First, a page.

13. 13. xiv Contents 12.6.3 Combination structures 278 12.6.4 Non-combination structures 281 12.6.5 Collateralised Commodity Obligations 282 12.7 Analysing investment structures 285Glossary 287Notes 299Bibliography 303Index 305
  14. 14. PrefaceSince the start of this century, the commodity markets have been the subject of muchinterest with reports in the media usually detailing that some commodity has reached a newall time price high. My motivation for writing the book, however, did not stem from thisbut rather the difficulty I had in finding people who could provide classroom training on thedifferent products. Although many companies were able to provide training that describedthe physical market for each commodity, virtually no one provided training on over-the-counter (OTC) structures, which arguably comprise the greatest volumes in the market. Asthey say, if you want a job done properly. . . . While doing research for the courses I felt thatmuch of the available documentation either had a very narrow focus, perhaps concentratingon just one product, or were general texts on trading commodity futures with little insightinto the underlying markets. As a result, I have tried to write a book that documents in oneplace the main commodity markets and their associated derivatives. Within each chapter, I have tried to keep the structure fairly uniform. Typically, there willbe a short section explaining what the commodity is in non-technical terms. For those witha background in any one specific commodity, this may appear somewhat simplistic but isincluded to ensure that the financial reader has sufficient background to place the subsequentdiscussion within some context. Typical patterns of demand and supply are considered aswell as the main factors that will influence the price of the commodity. The latter part ofeach chapter focuses on the physical market of the particular commodity before detailingthe main exchange traded and OTC products. One of the issues I was faced with when writing each chapter was to determine theproducts that should be covered in each chapter. As I was concerned that I might end uprepeating ideas that had been covered in earlier chapters, I have tried to document structuresthat are unique to each market in each particular chapter, while the more generic structureshave been spread throughout the text. The other issue was to determine which products to include within the scope of the book.No doubt some readers will disagree with my choice of topics in the book, but I can assureyou that this was still being discussed with the team at Wiley as the deadline for the finalmanuscript approached! Chapter 1 outlines the main derivative building blocks and how they are priced. Readersfamiliar with these concepts could skip this chapter and go straight to any individual chapterwithout losing too much of the flow. However, it does include a section on the pricing ofcommodities within the context of the convenience yield. Chapter 2 sets the scene for adiscussion on the concept of risk management. Two different perspectives are taken, that of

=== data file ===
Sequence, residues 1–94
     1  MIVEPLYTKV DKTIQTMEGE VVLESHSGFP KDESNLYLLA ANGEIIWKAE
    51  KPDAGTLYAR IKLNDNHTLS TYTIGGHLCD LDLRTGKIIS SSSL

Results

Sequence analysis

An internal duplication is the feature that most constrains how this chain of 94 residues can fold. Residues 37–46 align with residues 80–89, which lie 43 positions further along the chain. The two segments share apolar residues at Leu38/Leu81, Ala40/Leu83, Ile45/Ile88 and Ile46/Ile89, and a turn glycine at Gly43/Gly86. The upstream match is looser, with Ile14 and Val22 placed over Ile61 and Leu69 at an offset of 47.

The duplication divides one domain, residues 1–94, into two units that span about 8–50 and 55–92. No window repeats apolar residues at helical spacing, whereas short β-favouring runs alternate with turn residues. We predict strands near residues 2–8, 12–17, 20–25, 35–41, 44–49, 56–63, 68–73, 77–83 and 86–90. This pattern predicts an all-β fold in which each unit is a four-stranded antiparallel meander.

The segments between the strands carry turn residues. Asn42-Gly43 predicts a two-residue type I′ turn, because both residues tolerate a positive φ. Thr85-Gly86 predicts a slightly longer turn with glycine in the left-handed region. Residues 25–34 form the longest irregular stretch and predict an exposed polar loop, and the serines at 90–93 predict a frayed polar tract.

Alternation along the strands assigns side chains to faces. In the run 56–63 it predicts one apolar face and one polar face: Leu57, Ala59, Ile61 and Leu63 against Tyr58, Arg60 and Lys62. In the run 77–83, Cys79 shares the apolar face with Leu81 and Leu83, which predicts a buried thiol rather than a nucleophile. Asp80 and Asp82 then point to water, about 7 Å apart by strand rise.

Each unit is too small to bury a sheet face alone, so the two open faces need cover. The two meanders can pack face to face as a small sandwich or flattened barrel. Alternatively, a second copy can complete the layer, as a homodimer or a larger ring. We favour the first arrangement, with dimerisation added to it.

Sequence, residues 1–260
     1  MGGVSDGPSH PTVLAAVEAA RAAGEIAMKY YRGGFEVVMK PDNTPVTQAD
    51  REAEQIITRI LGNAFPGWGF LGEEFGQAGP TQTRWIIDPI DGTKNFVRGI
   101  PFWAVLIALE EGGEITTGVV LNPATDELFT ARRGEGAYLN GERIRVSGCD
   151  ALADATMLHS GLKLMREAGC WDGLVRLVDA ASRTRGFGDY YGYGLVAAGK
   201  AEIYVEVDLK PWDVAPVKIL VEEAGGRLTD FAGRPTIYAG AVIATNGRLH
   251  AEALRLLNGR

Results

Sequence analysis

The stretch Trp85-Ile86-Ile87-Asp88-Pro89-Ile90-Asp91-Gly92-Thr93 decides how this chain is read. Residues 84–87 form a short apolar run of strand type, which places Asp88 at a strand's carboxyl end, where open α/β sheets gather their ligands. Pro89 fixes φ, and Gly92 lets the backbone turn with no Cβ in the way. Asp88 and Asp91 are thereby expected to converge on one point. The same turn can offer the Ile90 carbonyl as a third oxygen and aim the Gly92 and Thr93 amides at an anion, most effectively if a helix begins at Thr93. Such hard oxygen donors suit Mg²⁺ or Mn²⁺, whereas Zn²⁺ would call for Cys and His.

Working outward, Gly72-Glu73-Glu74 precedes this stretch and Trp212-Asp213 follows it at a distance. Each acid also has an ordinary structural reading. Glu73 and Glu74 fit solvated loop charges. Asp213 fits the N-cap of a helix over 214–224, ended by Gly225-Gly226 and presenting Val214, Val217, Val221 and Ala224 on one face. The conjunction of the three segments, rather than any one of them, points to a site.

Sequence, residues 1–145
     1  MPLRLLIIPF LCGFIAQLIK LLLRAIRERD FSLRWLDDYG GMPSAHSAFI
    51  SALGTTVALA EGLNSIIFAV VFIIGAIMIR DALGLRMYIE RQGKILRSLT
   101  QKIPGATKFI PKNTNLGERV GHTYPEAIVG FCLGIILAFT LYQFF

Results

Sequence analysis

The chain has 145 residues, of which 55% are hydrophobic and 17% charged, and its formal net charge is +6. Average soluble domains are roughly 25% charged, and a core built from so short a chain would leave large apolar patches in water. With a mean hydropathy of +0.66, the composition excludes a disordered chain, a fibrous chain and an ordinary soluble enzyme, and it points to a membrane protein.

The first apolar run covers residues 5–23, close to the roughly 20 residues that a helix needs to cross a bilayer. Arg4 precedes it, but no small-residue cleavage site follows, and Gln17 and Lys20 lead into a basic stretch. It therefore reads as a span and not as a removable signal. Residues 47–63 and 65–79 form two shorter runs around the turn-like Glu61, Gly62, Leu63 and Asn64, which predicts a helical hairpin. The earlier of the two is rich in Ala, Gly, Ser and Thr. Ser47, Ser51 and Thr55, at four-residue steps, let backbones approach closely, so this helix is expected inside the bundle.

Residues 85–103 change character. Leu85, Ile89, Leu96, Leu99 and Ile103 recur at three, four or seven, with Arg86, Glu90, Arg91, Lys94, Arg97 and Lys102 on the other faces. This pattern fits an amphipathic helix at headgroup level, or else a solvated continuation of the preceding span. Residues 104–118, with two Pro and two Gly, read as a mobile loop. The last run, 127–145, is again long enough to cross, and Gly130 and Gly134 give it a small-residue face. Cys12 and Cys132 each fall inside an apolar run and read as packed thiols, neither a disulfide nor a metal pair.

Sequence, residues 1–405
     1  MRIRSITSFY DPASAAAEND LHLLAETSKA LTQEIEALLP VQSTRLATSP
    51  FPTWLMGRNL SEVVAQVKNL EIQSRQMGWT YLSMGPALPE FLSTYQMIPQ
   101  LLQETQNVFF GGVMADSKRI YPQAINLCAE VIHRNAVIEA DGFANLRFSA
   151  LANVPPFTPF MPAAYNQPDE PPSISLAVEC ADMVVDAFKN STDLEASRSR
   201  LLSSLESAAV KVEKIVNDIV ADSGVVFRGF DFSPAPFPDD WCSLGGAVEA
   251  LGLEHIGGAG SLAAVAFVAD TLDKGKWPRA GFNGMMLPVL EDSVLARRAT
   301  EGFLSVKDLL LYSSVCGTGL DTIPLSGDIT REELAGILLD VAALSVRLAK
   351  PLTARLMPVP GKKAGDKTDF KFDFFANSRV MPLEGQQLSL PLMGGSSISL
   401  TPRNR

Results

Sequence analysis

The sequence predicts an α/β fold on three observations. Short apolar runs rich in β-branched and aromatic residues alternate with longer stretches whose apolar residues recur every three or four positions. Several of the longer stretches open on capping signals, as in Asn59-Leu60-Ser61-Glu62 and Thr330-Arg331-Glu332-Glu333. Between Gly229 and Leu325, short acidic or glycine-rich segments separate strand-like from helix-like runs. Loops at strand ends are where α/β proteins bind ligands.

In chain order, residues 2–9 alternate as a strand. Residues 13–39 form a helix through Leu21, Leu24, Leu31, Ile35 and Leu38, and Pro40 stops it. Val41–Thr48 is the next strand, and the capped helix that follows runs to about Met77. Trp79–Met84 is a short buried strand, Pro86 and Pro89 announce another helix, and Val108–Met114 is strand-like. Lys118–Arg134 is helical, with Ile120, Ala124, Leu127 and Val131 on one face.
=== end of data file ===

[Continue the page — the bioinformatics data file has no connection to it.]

15. 15. xvi Prefacea corporate with a desire to hedge some form of exposure and an investment bank that willtake on the risk associated by offering any solution. Chapter 3 looks at the market for goldwhile Chapter 4 develops the theme to cover base metals. Some readers may complain thatthere is no coverage of other “precious” metals such as silver, platinum and palladium, butI felt that including sections on these metals would amount to overkill and that gold wassufficiently interesting in itself to warrant an extended discussion. The next three chapterscover the core energy markets, the first of which is crude oil. Chapter 6 covers naturalgas markets while Chapter 7 discussed electricity. Chapter 8 describes the relatively newmarket for plastic, while Chapter 9 details one of the oldest markets, that of coal. Chapter 10looks at another new market, the trading of carbon emissions. Chapter 11 covers agriculturalproducts where the focus is on the relationship between some of the “soft” commodities andethanol. The book concludes by considering the use of commodities within an investmentportfolio.
  16. 16. AcknowledgementsAs ever, it would be arrogant of me to assume that this was entirely my own work. Thebook is dedicated to the late Paul Roth, who was taken from us far too early in life. In thedecade that I knew him, I was able to benefit considerably from his insight into the worldof derivatives. It never ceased to amaze me how, after days of pondering on a problem, Icould only half explain to him something that I only half understood, and he could explainit back to me perfectly in simple and clear terms. Thanks also to the team at Wiley (Sam Whittaker, Emily Pears, Viv Wickham) who havehelped a publishing “newbie” like me and tolerated the fact that I missed nearly everydeadline they set. General thanks go to my father, Reg Schofield, who offered to edit large chunks of themanuscript and tidy up “the English what I wrote”. Rachel Gillingham deserves a specialmention for helping me to express the underlying chemistry of a number of commoditieswithin the book. Her input added considerable value to the overall manuscript. At Barclays Capital I would like to thank Arfan Aziz, Natasha Cornish, Lutfey Siddiqui,Benoit de Vitry and Troy Bowler. They all have endured endless requests for help and havegiven generously of their time without complaint. In relation to specific chapters, thanks goto Matt Schwab and John Spaull (gold); Angus McHeath, Frank Ford and Ingrid Sternby(base metals); David Paul and Nick Smith (plastics); Thomas Wiktorowski-Schweitz, OrrinMiddleton, Suzanne Taylor and Jonathon Taylor (crude oil); Simon Hastings, Rob Baileyand David Gillbe (electricity); Paul Dawson and Rishil Patel (emissions); Rachel Frear andMarco Sarcino (coal); and Maria Igweh (agriculture). Thanks also to Steve Hochfeld whomade some valuable comments on the agricultural chapter. All of these “advisers”contributedfantastic insights into the different markets and often reviewed drafts of the manuscript,which enhanced it no end. A very special thanks must go to Nicki, who never once complained about the projectand has always been very interested and supportive of all that I do. If I have missed anyone, then please accept my apologies, but rest assured I am grateful.Although I received a lot of help in compiling the materials, any mistakes that remain inthe text are entirely my responsibility.